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Are Split Flow and Provider in Triage Models in the Emergency Department Effective in Reducing Discharge Length of Stay?

Originally Published:
Key Point Summary
Key Point Summary Author(s):
Dickey, Andrew
Key Concepts/Context
This paper presents a quality improvement (QI) project by comparing the performance of two different emergency departments (EDs). The idea behind the split flow model is to allow for a second flow stream of patients through the ED, parallel to the regular acute/critical care flow stream, that is ultimately intended for patients with problems that are not considered complex. The role of the provider in the triage (PIT) model is to enhance patient triage assessment by providing patients with an upfront evaluation upon entering the ED. A primary indicator of the efficacy of triage models such as the split flow and provider model is discharge length of stay (DLOS). The split flow model is considered a “new generation of emergency department” in the U.S., and newly emerging research is still articulating the effects of this approach. Few studies have yet to explore the split flow model while including a PIT.
To discover whether or not the split flow model reduces DLOS for all ED patients when compared with an emergency department of comparable size that uses a different model, and to find out if adding a PIT further enhances the split flow model.
Two hospitals were compared: the first was built in 1984 and features an ED with 34 treatment spaces and an annual patient volume of approximately 44,700, while the second was built in 2013 and has an ED with 46 treatment spaces and an annual patient volume of approximately 43,000. The newer hospital served as the experiential site implementing the split flow and PIT model, while the older hospital served as a control and used a traditional nursing triage model that mixed the patient population. Researchers deduced the number of patients discharged from each hospital in 2014, excluding patients who left without being seen or who left against medical advice. The total number of discharged patients included in this study was 68,603 (33,977 from the experiential facility and 34,626 from the control facility). From this data, time from door to bed, door to provider, and DLOS were calculated to compare the two facilities.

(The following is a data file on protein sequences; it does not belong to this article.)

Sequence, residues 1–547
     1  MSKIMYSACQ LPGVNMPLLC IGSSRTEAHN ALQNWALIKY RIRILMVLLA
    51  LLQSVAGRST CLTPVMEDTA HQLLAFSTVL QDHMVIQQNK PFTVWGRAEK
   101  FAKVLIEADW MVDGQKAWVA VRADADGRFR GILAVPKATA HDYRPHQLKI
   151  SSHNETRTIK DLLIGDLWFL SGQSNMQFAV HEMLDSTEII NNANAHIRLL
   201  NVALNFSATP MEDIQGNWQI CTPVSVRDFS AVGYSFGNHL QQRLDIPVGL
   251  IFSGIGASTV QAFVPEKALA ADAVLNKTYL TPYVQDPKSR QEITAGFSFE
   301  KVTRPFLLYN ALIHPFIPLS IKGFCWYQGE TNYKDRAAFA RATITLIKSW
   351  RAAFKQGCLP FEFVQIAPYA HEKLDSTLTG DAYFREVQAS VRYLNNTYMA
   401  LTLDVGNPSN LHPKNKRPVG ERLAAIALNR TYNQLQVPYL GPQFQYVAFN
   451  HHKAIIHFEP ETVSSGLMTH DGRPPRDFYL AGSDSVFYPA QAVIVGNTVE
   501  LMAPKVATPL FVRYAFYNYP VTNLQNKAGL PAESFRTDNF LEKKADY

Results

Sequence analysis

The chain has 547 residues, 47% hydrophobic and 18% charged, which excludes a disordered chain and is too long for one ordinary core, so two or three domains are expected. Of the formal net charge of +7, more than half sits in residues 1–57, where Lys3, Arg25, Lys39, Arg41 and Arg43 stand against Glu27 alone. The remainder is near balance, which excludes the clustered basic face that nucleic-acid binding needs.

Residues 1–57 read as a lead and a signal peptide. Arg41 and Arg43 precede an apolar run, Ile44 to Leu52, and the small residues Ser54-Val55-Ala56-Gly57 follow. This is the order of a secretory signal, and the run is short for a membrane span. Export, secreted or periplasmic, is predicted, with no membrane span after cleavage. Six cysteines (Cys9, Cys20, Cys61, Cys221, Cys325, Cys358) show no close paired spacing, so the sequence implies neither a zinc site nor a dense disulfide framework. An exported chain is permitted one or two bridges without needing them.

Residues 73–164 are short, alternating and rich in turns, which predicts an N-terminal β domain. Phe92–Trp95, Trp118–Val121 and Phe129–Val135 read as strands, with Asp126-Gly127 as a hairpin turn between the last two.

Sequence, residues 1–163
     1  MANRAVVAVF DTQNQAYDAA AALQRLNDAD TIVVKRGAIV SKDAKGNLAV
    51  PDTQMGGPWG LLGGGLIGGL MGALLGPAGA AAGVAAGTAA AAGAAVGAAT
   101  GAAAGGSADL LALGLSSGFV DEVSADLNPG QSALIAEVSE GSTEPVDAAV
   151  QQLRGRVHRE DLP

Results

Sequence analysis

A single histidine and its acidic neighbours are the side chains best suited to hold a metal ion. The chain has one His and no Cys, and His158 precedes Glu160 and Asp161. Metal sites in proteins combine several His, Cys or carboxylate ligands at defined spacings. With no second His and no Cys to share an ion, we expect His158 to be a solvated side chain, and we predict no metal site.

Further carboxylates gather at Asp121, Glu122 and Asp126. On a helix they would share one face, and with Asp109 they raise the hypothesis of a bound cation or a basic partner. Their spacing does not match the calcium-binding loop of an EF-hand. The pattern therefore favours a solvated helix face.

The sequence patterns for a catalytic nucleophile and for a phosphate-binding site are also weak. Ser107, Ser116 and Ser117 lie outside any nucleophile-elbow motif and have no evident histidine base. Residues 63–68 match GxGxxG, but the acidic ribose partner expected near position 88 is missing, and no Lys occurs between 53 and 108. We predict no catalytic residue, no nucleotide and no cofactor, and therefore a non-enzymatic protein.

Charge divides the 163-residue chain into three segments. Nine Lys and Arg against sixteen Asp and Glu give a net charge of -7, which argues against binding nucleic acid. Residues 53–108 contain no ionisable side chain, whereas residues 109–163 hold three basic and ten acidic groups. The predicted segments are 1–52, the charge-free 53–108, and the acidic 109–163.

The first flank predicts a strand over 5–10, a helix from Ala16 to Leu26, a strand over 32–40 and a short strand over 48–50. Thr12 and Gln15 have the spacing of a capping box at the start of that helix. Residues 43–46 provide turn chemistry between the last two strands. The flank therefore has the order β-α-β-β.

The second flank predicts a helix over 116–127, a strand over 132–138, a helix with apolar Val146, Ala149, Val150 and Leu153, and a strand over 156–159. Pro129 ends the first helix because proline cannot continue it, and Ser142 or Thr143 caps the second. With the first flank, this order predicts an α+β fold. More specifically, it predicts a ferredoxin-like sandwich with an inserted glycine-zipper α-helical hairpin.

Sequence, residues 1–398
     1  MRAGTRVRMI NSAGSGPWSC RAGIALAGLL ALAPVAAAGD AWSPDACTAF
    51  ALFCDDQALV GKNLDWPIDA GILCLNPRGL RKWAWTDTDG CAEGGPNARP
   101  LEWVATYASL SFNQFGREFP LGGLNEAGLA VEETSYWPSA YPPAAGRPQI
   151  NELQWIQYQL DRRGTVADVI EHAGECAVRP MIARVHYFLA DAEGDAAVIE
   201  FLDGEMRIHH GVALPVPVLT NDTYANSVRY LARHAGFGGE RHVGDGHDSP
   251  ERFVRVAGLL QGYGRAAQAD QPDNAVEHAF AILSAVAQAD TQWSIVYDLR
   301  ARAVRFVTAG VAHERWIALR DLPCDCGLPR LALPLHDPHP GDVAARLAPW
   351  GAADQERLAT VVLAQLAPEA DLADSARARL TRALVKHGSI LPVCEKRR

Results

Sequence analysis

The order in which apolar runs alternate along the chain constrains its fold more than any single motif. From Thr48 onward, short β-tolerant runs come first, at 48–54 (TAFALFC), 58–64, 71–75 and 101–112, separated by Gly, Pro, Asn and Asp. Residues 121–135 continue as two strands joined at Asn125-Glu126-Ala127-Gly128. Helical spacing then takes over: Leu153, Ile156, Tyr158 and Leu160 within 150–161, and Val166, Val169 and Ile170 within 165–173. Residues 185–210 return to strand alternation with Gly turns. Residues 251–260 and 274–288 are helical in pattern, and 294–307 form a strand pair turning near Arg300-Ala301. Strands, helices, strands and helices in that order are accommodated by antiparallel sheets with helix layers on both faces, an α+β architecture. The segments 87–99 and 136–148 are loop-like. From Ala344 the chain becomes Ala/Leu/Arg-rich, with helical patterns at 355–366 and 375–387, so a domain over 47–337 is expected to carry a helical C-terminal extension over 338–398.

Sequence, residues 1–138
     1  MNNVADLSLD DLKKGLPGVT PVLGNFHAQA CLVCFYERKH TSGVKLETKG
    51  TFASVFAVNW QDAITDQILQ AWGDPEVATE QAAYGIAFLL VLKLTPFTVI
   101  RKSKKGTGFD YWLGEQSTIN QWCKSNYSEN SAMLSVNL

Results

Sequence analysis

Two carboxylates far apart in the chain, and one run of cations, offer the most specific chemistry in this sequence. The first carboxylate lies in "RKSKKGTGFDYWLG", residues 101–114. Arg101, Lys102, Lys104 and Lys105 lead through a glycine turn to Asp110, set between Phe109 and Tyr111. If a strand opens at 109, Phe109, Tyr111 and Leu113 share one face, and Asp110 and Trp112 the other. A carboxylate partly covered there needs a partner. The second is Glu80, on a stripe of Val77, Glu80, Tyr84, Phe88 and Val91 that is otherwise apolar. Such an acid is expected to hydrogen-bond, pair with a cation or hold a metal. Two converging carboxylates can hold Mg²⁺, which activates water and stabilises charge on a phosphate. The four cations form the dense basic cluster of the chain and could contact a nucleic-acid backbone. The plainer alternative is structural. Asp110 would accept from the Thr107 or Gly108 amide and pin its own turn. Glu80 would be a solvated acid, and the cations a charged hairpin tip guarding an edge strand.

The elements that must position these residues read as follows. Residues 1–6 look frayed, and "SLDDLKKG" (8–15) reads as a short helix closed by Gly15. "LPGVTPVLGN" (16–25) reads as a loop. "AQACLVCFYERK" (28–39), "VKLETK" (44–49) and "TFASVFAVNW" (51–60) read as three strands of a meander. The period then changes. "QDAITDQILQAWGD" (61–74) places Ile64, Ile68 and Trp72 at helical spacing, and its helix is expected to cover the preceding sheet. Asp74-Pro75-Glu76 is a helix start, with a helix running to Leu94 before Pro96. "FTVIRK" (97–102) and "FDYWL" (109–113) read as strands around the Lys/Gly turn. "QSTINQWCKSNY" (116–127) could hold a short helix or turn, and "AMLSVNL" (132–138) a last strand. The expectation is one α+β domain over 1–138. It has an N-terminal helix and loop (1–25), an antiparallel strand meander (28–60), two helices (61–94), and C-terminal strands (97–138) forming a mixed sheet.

Design Implications
This study demonstrates that the split flow model of ED triaging is further enhanced by the inclusion of a PIT. Designers could work to tailor ED spaces to accommodate these models, as their implementation appears to be on the rise. Adequate entrance space with room for initial evaluation from the PIT could help facilitate a smoother flow throughout the triage process.
The experiential hospital using the split flow model showed a reduction in DLOS by 16.3 minutes on average. No improvement in front-end throughput metrics was found when the two facilities were compared. The split flow model was significantly enhanced by the use of a PIT; there was a 28.5-minute reduction in DLOS when split flow with PIT was compared to the traditional triage model. 
The authors identified several limitations in this study. Differences in providers, including different types of experience, design, and other operational processes were not accounted for in the comparisons. Patient demographics were also considered a confounding variable. Since this was purely a study in QI, the authors note that the results cannot be generalized to a larger population.
Design Category
Building location/site optimization|Unit configuration and layout
Outcome Category
Patient health outcomes|Staff productivity / efficiency
Key Point Summary Author(s):
Dickey, Andrew
Primary Author
Pierce, B. A.